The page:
Journalists do what they’re told – or face the consequences

Do we all stand up to managers when they make us do something we know is wrong, or do we keep our he

The resignation letter from the ex-Daily Star journalist Richard Peppiatt, complaining about an anti-Muslim agenda that many of us have suspected for some time, raises a few ethical questions. Would you fold your arms and tell your boss you refused to do a story that you found morally wrong, or which went contrary to the tenets of your profession? Or would you get on with it, knowing you were representing distortion as the truth?

Peppiatt's letter appears to confirm what a lot of us have suspected for some time: that the seedier end of tabloid reporting is a world not so much of grafting in the mud for jewels but plucking stories out of thin air (or, as Peppiatt memorably puts it when describing a celebrity revelation about Kelly Brook, "I simply plucked it out of my arse".) He says journalists concocted tales about Muslims, for example about Muslim-only taxpayer-funded public loos, knowing they were nothing of the sort.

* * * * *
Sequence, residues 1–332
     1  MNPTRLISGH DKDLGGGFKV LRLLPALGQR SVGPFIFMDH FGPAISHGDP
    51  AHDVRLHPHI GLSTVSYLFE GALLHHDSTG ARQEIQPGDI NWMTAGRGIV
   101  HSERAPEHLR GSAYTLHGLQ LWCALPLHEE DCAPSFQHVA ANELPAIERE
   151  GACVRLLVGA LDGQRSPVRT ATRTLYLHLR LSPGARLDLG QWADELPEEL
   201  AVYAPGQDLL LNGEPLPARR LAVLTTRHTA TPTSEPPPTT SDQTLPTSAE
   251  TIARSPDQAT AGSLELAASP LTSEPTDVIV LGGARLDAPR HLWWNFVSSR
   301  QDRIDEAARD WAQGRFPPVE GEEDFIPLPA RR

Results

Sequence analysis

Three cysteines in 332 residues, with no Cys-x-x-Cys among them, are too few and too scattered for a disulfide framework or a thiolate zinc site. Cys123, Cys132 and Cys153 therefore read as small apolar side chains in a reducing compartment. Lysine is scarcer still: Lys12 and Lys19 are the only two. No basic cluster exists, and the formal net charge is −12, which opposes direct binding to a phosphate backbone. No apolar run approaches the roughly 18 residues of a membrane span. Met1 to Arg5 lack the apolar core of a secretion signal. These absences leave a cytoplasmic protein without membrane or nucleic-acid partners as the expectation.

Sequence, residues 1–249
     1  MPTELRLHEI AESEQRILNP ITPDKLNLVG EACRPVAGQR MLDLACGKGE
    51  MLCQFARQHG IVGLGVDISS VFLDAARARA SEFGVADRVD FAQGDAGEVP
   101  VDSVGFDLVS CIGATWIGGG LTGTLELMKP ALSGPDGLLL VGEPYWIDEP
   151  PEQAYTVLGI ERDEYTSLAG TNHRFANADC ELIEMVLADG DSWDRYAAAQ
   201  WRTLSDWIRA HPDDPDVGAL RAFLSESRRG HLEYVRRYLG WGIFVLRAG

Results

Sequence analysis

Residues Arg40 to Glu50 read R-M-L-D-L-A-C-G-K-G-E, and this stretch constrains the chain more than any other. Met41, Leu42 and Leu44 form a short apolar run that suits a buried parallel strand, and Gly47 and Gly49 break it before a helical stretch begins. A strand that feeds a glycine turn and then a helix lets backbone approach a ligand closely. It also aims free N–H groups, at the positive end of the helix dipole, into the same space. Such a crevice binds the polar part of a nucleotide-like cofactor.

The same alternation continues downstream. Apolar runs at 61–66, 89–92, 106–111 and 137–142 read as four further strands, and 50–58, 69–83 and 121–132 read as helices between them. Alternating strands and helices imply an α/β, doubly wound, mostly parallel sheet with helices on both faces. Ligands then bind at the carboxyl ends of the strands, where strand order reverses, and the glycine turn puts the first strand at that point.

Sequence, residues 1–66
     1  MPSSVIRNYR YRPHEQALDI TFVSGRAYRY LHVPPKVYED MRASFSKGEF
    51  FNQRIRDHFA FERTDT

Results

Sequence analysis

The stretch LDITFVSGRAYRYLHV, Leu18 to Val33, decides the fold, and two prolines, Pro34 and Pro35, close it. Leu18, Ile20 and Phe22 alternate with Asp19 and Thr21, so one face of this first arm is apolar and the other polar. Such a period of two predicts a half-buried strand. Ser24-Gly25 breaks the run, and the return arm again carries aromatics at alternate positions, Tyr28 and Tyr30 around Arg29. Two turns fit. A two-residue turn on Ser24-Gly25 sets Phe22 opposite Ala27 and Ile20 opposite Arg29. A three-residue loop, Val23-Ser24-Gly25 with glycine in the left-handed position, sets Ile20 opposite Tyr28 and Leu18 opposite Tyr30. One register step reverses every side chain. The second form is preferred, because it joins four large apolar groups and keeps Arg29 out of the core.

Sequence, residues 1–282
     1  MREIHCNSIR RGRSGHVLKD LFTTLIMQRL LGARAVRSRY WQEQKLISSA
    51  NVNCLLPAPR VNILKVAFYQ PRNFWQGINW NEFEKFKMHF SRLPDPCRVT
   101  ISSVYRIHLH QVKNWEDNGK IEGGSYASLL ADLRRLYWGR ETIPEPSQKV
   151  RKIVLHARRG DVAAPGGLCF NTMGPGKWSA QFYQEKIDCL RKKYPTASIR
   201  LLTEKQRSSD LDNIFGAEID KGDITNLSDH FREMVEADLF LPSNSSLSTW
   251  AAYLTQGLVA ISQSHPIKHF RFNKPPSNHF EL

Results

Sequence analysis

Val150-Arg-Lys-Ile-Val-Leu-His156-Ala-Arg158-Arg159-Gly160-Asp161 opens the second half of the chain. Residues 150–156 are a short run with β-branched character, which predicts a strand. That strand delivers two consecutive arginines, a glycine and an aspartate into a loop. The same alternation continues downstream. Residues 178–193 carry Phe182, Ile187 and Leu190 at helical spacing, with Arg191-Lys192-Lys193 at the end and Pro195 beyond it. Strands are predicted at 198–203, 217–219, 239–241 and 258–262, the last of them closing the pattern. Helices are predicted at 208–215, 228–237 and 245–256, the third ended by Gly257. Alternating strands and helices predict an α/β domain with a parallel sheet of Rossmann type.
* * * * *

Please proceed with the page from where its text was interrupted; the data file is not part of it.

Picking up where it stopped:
I know a lot of people will wonder how Peppiatt could have stuck it out for so long, or why he decided to put his byline to some deeply unpleasant stories that he admits have fanned the flames of prejudice in the first place. He says: "I was too scared for my career, and my bank balance, to refuse." It's a refrain that many of us will find familiar.